Apparently, when he'd opened one of the drains, it splattered all over my white draperies in the master bath, which wasn’t so bad, since I’d been thinking for weeks that it was time to take them down and wash them anyway. But after he finished all that he informed us that there was another problem that he hadn't foreseen; The heater still didn’t work because the valve the turns it on and off was shot; the threads were stripped and just went round and round without turning anything. He said he could come back after the weekend if he could find the parts. That is always the big question in France, can they find the part! And of course they were 'very high grade’ valves, which had to be ordered. So another week went by without the work being done, while we cleaned everything around the radiators, which had been smeared with gunk, and I
washed and pressed the draperies. As I read your article, Ted is with the plumber, the radiators don’t yet work with the new valves, and for some reason the heat has been operating even when we turn it off manually and nobody seems to know why.Your stories about your lovely neighbors and how helpful they try to be sound like a walk in the park -- any of the best parks even the park in the palace of Versailles -- compared to what one goes through in Paris where you’re often at the mercy of strangers. Now we have radiators that have cost us over $1000 to repair and still don’t work, and although the pipes in the valves are all replaced and everything looks shiny and new, we now have a poltergeist residing in our thermostat. I will probably spend the rest of my life having hot flashes that wake me up all night. Luckily I’m so used to 22-years of my menopausal malfunction that although I wake up, I can go back to sleep immediately. By now it doesn’t even interfere with dreaming, and that is a blessing!"
However that’s only a piece of our story.The next day we appeared at the Prefecture of Paris to receive our new cards attesting to our legal residency in France. We had been producing reams of paperwork every year since 2016 to renew this card. But this year we had fulfilled the requirements for a Longue Duree Carte de Residence -- in other words, we might be covered for the next ten years! I couldn’t sleep all night on the night before we were to fetch our cards not knowing whether they wold be the same old Title de Sejour that would expire in a year, or if they would be the golden cards we had applied for. We were relieved and ecstatic when we looked at the cards to check for accuracy and to sign the receipt; They were the official Carte de Residence, good until September of 2031!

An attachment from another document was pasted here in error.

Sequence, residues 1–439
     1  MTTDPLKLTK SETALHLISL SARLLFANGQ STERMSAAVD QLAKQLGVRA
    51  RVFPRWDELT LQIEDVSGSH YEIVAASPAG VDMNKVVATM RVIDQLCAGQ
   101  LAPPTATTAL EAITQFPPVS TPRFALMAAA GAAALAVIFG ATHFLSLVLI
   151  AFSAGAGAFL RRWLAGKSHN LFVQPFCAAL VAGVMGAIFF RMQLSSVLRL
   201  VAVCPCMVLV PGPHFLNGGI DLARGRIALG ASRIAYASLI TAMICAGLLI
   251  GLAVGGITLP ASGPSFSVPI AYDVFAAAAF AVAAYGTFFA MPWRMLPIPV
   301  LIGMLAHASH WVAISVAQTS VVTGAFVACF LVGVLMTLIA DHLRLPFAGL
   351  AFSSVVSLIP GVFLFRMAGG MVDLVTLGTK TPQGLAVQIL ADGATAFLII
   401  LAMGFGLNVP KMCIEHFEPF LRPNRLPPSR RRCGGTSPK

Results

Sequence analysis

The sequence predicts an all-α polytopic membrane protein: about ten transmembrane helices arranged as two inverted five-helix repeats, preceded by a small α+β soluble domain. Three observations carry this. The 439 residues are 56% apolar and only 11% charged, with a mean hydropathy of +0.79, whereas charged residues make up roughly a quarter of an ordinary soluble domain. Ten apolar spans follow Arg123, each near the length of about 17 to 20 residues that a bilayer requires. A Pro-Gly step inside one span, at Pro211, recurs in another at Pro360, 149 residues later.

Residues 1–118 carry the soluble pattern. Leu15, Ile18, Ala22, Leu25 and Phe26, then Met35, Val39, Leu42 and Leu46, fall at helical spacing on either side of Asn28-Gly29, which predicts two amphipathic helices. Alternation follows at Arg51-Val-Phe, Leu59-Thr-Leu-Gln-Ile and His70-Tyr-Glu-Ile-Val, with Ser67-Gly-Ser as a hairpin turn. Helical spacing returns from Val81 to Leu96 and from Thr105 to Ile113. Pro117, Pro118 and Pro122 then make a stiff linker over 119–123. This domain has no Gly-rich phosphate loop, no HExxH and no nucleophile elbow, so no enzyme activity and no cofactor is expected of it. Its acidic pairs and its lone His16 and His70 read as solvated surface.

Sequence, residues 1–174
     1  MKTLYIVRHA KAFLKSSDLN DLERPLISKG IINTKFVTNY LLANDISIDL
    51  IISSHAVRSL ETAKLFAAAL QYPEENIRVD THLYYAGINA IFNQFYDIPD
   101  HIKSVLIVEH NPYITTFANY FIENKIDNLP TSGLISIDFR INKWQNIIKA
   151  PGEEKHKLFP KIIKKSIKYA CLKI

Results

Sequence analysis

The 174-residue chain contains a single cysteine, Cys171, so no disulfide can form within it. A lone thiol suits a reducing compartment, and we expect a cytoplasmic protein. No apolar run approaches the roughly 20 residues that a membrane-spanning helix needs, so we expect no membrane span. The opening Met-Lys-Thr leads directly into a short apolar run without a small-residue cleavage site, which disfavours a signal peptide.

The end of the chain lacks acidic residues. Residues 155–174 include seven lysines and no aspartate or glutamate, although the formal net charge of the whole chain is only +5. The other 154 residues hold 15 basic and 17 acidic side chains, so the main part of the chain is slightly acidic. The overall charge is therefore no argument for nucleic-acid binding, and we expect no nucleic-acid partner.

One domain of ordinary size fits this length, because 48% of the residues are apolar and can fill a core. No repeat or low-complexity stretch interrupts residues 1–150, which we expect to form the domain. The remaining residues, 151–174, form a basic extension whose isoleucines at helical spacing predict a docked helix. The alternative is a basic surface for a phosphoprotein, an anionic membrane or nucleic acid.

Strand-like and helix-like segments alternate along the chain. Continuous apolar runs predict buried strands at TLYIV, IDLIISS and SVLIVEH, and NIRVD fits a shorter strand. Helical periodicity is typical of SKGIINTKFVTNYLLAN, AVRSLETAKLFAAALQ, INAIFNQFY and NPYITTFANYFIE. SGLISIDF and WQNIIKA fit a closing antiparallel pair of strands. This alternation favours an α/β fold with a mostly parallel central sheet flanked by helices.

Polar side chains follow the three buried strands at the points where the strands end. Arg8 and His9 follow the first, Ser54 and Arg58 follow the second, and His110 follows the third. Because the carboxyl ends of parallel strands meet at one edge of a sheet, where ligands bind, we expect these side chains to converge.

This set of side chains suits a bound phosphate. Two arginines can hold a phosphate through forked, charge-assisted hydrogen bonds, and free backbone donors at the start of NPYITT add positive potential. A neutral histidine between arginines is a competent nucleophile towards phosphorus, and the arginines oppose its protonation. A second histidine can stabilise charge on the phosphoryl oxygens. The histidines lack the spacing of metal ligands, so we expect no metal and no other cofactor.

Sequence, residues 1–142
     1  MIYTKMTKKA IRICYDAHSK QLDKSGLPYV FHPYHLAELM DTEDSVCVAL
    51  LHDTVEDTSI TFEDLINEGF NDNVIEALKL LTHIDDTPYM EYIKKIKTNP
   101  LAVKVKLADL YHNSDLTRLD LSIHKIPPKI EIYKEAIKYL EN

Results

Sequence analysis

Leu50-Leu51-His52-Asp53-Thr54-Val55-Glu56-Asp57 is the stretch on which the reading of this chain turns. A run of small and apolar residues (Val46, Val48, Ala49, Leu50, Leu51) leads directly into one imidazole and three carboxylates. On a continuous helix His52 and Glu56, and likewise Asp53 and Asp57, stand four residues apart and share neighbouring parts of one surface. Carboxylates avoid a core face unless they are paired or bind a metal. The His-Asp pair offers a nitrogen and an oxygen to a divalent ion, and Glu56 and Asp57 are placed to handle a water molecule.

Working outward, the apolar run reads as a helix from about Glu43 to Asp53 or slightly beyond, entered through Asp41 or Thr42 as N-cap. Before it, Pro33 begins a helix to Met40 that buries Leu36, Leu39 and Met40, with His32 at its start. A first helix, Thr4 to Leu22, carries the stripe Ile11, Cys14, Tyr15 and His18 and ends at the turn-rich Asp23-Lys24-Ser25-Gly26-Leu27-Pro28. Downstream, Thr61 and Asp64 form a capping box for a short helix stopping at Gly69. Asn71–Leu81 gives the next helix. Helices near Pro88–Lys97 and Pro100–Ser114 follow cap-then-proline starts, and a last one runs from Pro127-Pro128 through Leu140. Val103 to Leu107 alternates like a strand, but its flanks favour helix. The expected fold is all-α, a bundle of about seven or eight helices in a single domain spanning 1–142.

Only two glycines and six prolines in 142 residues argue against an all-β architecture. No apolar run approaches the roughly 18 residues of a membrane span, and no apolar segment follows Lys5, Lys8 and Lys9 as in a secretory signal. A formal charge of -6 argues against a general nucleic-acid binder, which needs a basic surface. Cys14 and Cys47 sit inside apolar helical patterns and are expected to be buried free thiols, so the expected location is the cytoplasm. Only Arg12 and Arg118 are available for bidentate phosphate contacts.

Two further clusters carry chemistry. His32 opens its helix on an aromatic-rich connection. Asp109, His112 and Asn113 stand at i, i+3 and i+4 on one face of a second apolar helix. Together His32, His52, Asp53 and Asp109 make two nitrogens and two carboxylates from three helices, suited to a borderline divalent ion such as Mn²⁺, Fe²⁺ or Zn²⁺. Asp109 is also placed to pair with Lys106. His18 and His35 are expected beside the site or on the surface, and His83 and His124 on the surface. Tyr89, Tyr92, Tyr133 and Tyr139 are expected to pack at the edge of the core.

Outside the building I jumped in the air as and squealed with joy as we strolled to our customary cafe at the corner to celebrate, as we had done each year from the very first. It was still morning and we enjoyed our chat with the waiter, our cafe creme and croissant, and we pinched each other to make sure we weren’t dreaming. We were both beaming.
We’d done it!! The day was bright and sunny, if chilly, and we walked home on our usual route along the riverside. Our next special occasion will be a visit from our long-lost friends, Mona and Philippe, who fled to beautiful Porto by the Atlantic over a year ago and decided to stay forever. They’re returning to Paris for a short period to put their French affairs in order and we will have the pleasure to see them mid-month for dinner at our favorite restaurant, Les Climats. It will be a joy to see them in the flesh once again, although a daily exchange of photos has kept us in touch.
After our reunion with our friends, we'll take a short trip. Jeffrey’s aunt is staying with his family and he will be able to accommodate us by staying at the apartment with Mickey for three nights spanning our four day trip to Reims in the area of Champagne. Les Crayeres is a renovated Chateau that was built just outside the town of Reims, where the famous Gothic cathedral has stood for hundred’s of years. Before returning home to Paris we plan on filling our trunk with a few cases of Champagne in the hope that in the near future we will be doing more entertaining
once again. And if that’s not possible, there's nothing better than a glass of the bubbly to lift our spirits in isolation. We have planned this trip to cover both Ted‘s birthday and our wedding anniversary with Thanksgiving right in the middle. This is a consolation prize because I have sadly discovered that it is impossible to celebrate an American Thanksgiving in France.
The closest we can come is to contact our Los Angeles cousins, with whom we had celebrated the holiday for over 30 years and to wish them a joyous gathering, and to look back on the beautiful photographs of those who are now grown-up children and the older generation, some of whom are no longer with us.
We miss you, Cousin Silvy, who shared his birthdate with Ted!
When we return home from Reims, it will be time to light our first fire in the chimney and to decorate our Christmas Tree, an activity we both adore and one that brings light and warmth to our home.
I would very much like hearing about how you plan to celebrate the holidays in your part of the world.
Do send photos too, and Enjoy!